6 Lesser-Known Facts About Your Feet

6 Lesser-Known Facts About Your Feet

Your feet are incredible structures that often don’t get the attention they deserve. You rely on them every day to carry you through life’s adventures, yet many people know very little about their feet. In fact, you might not think much about them at all until they hurt.

In the spirit of honoring your feet (and all their hard work!), let’s highlight six lesser-known facts about your feet courtesy of board-certified podiatrist Dr. Francine Rhinehart.

1. About 25% of your bones are located in your feet

Adults have 206 bones in their body, and the feet are made up of 52 bones (26 in each foot). That means your feet contain about 25% of the total bones in your body. This intricate arrangement of bones forms the foundation that supports your entire body and allows you to stand, walk, run, and perform various activities.

Your bones don’t operate in a silo, though. With over 100 muscles, tendons, and ligaments working in sync, your feet are the driving force behind your locomotion. From walking to running and everything in between, these intricate systems enable you to move gracefully and efficiently.

2. Your soles contain over 200,000 nerve endings 

According to the Oncology Nursing Foundation, each of your feet contain 200,000 nerve endings each. This incredible sensitivity allows you to experience the world beneath you in intricate detail. From the texture of sand to the warmth of a cozy carpet, your feet are sensory powerhouses, constantly feeding your brain with information about your surroundings.

Unfortunately, this also means that your feet are at risk of conditions like peripheral neuropathy — a common complication of diabetes — if any of those nerves are damaged. Interestingly, all those nerves can create a wide variety of symptoms if they’re damaged. Don’t hesitate to let us know if you experience any pain, burning sensations, tingling, or even numbness.

3. Your arches can change over time

The arches in your feet are designed to adapt and flex as you move, provide stability and balance, and absorb some of the impact as you walk and run. Your arches can change over time; if they fall, you’ll likely experience conditions like plantar fasciitis.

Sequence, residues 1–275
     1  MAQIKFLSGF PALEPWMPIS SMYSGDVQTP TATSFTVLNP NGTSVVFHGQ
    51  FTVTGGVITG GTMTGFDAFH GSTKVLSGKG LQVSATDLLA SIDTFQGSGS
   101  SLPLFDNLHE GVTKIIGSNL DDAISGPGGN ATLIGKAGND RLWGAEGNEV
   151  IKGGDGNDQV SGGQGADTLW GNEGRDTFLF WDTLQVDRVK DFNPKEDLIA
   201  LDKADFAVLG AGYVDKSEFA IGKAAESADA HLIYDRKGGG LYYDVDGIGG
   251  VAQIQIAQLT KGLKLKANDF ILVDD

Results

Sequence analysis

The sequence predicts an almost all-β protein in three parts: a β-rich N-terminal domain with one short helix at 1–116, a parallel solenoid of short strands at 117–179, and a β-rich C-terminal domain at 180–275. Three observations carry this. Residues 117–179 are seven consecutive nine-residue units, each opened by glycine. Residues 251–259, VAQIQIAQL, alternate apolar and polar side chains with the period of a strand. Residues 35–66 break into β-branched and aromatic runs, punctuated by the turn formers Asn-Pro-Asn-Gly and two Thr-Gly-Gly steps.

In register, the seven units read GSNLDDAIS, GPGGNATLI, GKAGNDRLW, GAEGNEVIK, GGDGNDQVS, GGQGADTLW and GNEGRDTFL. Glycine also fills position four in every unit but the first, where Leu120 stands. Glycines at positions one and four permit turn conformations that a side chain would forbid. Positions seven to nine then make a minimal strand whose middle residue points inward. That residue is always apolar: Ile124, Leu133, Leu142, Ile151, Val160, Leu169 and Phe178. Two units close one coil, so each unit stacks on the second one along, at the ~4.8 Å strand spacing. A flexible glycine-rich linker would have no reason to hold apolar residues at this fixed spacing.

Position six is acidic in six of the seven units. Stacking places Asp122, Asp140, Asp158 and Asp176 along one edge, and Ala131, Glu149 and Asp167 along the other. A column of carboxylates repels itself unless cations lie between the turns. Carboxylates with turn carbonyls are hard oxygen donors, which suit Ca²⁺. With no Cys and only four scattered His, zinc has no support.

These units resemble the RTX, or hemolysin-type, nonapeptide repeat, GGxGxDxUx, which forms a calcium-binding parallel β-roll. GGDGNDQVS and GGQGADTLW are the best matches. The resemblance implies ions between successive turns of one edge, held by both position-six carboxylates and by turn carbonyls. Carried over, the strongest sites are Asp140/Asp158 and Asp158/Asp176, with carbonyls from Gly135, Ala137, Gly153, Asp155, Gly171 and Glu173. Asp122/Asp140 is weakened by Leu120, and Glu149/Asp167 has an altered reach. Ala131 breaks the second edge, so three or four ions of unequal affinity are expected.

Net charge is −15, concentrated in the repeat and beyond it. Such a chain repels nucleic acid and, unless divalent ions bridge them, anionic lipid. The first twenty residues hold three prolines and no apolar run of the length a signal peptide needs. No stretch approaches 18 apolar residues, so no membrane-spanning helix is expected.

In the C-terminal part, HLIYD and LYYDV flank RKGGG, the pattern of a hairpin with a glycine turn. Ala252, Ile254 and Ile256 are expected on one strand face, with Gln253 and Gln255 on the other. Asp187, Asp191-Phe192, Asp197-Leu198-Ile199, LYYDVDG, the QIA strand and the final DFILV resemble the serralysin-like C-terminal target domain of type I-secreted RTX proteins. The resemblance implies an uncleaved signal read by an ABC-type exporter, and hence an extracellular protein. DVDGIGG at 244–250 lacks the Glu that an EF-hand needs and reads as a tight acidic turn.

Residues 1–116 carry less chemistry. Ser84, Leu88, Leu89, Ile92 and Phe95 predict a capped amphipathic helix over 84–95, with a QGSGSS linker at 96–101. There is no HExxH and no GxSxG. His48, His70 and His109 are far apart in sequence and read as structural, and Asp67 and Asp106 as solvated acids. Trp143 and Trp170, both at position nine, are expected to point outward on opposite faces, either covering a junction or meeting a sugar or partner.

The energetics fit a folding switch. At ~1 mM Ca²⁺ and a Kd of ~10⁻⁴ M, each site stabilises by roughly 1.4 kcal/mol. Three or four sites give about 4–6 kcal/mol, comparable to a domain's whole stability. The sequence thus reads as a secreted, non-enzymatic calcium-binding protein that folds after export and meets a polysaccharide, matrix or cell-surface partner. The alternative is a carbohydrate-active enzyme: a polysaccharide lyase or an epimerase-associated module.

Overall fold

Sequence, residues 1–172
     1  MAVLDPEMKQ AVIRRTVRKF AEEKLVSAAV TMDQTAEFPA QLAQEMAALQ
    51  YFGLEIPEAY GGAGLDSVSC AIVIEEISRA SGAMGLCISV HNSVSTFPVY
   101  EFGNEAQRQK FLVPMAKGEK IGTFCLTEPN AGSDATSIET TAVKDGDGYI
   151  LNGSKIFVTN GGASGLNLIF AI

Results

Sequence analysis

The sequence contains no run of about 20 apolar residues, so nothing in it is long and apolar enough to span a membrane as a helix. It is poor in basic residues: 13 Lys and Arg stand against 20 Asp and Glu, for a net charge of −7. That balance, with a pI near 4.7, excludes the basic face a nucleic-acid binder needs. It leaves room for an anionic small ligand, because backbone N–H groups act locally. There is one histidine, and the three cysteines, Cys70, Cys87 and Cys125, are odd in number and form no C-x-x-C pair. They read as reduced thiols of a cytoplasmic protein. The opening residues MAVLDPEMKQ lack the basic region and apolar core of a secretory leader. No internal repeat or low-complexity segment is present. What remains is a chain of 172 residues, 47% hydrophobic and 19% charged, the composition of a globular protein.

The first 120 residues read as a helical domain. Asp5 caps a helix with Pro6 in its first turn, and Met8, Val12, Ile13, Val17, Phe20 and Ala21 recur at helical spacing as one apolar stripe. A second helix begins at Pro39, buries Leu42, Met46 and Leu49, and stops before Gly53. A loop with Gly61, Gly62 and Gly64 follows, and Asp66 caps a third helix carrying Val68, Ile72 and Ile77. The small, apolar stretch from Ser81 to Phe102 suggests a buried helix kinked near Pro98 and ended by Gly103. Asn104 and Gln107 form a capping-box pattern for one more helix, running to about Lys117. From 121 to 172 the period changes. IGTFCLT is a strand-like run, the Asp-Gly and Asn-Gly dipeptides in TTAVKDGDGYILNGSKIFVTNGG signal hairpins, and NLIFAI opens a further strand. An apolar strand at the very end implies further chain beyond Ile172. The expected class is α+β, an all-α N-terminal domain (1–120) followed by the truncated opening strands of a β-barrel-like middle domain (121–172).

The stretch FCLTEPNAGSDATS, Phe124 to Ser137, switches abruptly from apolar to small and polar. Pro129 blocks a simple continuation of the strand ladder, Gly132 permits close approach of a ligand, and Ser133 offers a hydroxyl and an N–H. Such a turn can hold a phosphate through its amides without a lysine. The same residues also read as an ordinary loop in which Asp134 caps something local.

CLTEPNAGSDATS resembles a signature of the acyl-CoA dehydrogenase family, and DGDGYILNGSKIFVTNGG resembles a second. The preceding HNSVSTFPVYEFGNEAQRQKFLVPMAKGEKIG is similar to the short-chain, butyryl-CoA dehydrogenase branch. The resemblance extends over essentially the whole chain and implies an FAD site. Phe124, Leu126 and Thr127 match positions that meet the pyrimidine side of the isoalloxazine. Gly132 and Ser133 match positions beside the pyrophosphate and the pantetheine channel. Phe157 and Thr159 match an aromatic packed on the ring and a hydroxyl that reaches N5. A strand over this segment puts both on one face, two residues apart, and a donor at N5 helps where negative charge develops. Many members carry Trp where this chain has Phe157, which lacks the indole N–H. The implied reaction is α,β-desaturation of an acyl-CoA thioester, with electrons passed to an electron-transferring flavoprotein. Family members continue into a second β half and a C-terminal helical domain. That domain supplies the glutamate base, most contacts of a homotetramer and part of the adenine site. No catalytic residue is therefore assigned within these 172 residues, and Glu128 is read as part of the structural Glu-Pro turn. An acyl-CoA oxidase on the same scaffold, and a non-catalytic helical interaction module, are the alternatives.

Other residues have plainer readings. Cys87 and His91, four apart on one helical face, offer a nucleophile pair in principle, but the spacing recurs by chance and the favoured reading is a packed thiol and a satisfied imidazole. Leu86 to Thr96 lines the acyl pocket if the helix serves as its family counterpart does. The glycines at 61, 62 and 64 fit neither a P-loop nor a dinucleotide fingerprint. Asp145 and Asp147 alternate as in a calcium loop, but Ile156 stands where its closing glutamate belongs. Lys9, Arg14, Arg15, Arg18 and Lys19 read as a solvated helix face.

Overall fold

Nerve issues, trauma, tendon damage, obesity, and pregnancy can all contribute to the development of fallen arches; however, Dr. Rhinehart emphasizes the importance of maintaining strong foot muscles to support your arches, addressing tendon injuries promptly, and managing underlying conditions like diabetes to help prevent issues like fallen arches or plantar fasciitis.

4. Foot issues can cause knee, hip, and back issues 

Your feet play a crucial role in maintaining proper alignment for your entire body. Imbalances or misalignments in your feet can lead to issues in your knees, hips, and lower back. This is because your body is all connected in what’s called your kinetic chain.

The good news is that custom orthotics and proper footwear can help support your feet to keep your entire body in harmony.

5. Your feet were made to sweat

No one likes to think about sweaty feet, but your feet were designed to sweat… a lot! Your feet are home to around 250,000 sweat glands, producing approximately half a pint of sweat daily. This moisture serves as a natural cooling mechanism for your body. 

However, keeping your feet clean and dry is essential to prevent issues like fungal infections. If a fungal infection does develop, don’t fret. With her International Aesthetic Foot Society (IASF) training in aesthetic podiatry, Dr. Rhinehart brings a unique approach, offering specialized solutions like Q-Clear™ laser therapy to make your feet healthy and beautiful. 

6. Your feet give clues about your overall health

Did you know that the soles of your feet can reveal a lot about your overall health? Skin color, texture, or temperature changes can indicate underlying health issues, such as poor circulation — regular foot check-ups to catch any potential problems early on. The Smart Lower Extremity Disease Assessment (LEDA) can provide information regarding your peripheral artery disease or peripheral neuropathy risks.

Pamper your feet

Your feet are remarkable structures, and while pampering can include a good pedicure, don’t forget that pampering can also include investing in proper footwear, inspecting your feet daily, and keeping them clean and dry. 

Do your feet need a little TLC? Call Francine Rhinehart, DPM, or click online to schedule a visit in the Oak Cliff neighborhood of Dallas, Texas.

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